“And the times, they are a-changin’”
— Bob Dylan
… and it seems that 2011 may be a year of change, or at least potential change for all of us; from the community level, regional, provincial, national, right through to international.
Although many Fruitvale council plans and initiatives have been completed in this term already, we are still addressing the most pressing issues facing all communities today: sustainable development, infrastructure renewal, transportation, accessibility concerns, social and housing affordability and the sustaining of our local economy.
With all the challenges to be faced in the near future, on all levels, from the local level up to the international level, it is a time for strong leadership and strong decisions.
Being part of a strong and cohesive council has been a great experience and a chance to connect with residents. Our Fruitvale official community plan is under revision and we will have more opportunity this year to open the lines of communication with residents to discuss change and sustainability.
It seems the last 2 1/2 years have sped by; 2011 is an election year for both municipal and regional politicians. Provincially, both political parties are in leadership turnover. Not only that, but a referendum on the HST is slated for September. There will be much dialogue, debate and potential change in our province.
Across Canada, Alberta’s premier stepped down last month. A leadership contest is now underway in the Alberta Conservative party. Newfoundland and Labrador’s premier retired in November. Ontario will have a scheduled election this autumn. Federally, the political pundits are speculating madly about a spring election call.
We are fortunate in Canada that we can be confident in the validity of our democratic election process. As may be seen by recent events in Tunisia and Egypt, internationally, many do not have the benefit of fair representation which we take for granted.
Change is normal. Change is inevitable. Change is the new reality. Change can also be frightening for many people. The ability to receive immediate information via technology ensures that we are aware of constant change on many levels. We all expect change; more information and change than any previous population.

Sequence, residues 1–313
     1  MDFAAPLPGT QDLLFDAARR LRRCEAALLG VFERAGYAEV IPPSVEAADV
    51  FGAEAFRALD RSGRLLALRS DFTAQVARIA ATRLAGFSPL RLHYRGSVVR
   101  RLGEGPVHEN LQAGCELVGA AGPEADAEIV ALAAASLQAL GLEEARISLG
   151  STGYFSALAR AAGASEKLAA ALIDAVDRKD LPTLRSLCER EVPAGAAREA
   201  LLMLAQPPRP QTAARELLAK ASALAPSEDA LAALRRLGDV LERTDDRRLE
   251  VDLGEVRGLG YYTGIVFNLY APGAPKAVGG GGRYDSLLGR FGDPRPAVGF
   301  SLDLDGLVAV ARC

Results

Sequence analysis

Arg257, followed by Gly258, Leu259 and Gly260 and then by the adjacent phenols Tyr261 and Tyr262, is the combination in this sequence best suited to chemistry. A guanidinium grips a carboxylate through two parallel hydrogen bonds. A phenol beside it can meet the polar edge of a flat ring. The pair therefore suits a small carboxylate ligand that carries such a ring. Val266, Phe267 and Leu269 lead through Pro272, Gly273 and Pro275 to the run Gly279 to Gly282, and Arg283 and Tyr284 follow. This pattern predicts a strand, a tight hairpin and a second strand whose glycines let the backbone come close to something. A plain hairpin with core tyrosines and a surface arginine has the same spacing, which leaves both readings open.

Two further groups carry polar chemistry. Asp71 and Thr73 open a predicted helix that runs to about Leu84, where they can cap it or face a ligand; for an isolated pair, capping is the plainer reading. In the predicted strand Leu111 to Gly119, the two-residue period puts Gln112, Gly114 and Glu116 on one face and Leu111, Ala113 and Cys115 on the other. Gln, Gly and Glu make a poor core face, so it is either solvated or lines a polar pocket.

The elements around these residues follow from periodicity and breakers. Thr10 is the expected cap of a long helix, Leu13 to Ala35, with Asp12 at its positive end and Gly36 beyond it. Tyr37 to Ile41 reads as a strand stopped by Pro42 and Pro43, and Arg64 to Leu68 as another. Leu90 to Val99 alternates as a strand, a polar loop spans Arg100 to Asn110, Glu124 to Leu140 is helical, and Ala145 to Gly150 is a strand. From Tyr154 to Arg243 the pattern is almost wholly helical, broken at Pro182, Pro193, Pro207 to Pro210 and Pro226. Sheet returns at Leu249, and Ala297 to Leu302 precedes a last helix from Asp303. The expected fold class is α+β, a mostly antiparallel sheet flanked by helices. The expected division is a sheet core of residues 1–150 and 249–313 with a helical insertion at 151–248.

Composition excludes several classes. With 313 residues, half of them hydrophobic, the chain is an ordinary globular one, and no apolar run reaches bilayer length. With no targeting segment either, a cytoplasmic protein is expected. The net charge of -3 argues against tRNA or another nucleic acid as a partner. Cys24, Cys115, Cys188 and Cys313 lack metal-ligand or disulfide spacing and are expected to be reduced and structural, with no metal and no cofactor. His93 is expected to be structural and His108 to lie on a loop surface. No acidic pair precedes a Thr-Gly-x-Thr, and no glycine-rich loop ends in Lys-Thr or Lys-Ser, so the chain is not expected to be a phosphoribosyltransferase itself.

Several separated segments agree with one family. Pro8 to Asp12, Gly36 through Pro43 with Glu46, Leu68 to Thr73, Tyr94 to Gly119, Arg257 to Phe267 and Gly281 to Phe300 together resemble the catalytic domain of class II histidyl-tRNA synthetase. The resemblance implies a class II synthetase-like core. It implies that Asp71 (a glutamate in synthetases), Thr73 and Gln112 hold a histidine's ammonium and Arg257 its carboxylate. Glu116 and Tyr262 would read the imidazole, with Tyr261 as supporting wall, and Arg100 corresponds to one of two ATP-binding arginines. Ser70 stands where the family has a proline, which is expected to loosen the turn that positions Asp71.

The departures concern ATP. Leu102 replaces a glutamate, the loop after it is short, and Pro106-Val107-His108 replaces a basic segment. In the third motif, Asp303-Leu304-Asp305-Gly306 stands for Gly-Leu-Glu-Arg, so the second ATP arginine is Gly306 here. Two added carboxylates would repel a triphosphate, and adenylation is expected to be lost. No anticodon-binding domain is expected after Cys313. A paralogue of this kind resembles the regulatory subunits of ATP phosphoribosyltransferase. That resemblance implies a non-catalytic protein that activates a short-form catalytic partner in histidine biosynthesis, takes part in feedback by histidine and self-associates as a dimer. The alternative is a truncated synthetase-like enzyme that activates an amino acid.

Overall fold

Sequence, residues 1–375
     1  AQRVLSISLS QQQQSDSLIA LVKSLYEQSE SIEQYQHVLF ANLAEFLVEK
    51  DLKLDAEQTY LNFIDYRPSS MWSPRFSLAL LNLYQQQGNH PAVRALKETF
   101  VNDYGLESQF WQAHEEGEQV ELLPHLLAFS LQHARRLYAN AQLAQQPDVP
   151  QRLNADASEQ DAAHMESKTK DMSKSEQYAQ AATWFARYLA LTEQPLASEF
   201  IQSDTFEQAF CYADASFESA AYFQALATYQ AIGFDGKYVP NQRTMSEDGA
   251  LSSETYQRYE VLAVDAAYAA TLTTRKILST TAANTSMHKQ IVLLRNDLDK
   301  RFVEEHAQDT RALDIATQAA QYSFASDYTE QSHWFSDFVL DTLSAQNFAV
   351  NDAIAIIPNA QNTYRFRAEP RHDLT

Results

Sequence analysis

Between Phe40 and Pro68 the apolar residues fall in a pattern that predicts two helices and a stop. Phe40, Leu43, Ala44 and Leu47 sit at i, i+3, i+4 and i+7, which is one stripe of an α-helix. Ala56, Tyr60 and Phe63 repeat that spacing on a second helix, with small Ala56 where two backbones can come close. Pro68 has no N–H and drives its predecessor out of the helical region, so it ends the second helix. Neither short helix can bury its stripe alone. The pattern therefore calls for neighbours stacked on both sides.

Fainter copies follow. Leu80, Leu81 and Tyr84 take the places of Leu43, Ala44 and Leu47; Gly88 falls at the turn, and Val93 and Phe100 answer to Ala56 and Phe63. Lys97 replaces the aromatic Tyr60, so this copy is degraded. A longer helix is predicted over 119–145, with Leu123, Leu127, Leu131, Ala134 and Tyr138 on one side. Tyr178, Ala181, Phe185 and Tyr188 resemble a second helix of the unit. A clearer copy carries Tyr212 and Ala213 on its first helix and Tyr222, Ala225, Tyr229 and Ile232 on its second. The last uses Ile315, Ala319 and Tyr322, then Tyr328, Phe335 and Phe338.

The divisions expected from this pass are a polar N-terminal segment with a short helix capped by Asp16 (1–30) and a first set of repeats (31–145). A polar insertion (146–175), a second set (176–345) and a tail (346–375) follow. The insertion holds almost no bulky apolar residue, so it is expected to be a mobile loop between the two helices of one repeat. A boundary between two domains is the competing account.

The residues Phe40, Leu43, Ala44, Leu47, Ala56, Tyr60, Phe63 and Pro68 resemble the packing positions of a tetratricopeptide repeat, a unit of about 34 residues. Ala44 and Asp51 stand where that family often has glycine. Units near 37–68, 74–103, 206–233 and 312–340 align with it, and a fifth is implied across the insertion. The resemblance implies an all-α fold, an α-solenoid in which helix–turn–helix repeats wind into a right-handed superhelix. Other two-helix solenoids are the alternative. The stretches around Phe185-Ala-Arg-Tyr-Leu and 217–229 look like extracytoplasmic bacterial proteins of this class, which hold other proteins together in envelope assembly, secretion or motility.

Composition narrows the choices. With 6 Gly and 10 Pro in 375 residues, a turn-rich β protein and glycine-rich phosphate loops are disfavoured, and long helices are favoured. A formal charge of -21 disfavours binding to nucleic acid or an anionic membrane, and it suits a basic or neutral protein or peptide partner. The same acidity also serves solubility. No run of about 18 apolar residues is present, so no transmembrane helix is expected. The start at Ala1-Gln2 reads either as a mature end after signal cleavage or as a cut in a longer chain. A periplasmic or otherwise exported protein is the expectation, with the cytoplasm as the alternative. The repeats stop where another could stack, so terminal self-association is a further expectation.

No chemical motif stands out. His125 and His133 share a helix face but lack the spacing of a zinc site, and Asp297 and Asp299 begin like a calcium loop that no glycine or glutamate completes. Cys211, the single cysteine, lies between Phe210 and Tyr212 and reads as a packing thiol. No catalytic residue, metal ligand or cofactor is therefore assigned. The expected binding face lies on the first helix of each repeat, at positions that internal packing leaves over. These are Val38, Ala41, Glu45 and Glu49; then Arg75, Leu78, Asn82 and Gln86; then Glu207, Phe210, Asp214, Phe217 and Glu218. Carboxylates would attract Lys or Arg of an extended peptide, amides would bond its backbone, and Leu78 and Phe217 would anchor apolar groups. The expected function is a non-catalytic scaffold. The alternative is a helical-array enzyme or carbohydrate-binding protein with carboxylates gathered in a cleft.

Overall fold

Fear of change is common; not all change is good, or bad or radical. Sometimes it is done in small steps, barely noticeable, but when the steps are added up, the transformation may be dramatic. A small step, like a pebble thrown into a pond, may have a ripple effect and spread to other areas and communities.
Just think of the effect of volunteer community beautification activities – this has spread throughout our region and now we are all proud of our blooms, and also have greater pride in our neighbourhoods and towns.
Rather than fearing change or rejecting it outright, perhaps we should spend some time evaluating what the change is, why it is occurring, what effects it may have.
Change can be used as an outstanding opportunity to gain an understanding of what we can do socially, culturally, economically and environmentally to sustain and grow. Mankind has always come up with creative solutions in reaction to unforeseen circumstances.
Democratic change is generally defined as “for the greater good.” It may not appear to be beneficial to some, but will be beneficial for the majority of the citizens affected in the long-term. Although we generally make decisions for the greater good, sometimes it is our responsibility to make decisions to protect the rights of individuals and minorities.
I have been fortunate to experience how my council “team” approaches decisions involving change and both the individual and the broader community are considered carefully in all decisions.
In a small town, even very small changes are noticeable. Improving a park, creating a new or better social gathering, encouraging inter-generational contact – all of these things may be small on the grand world stage.
However, these small changes are what make our daily lives more satisfying, keep us positive in outlook and create a “sense of place” and community.
I believe we live in one of the most beautiful places on earth with an enviable lifestyle and must actively work to protect and sustain its beauty, vibrancy and diversity.
Patricia Cecchini is a Fruitvale councillor. A politician from Rossland is on the Community Comment slate for next week.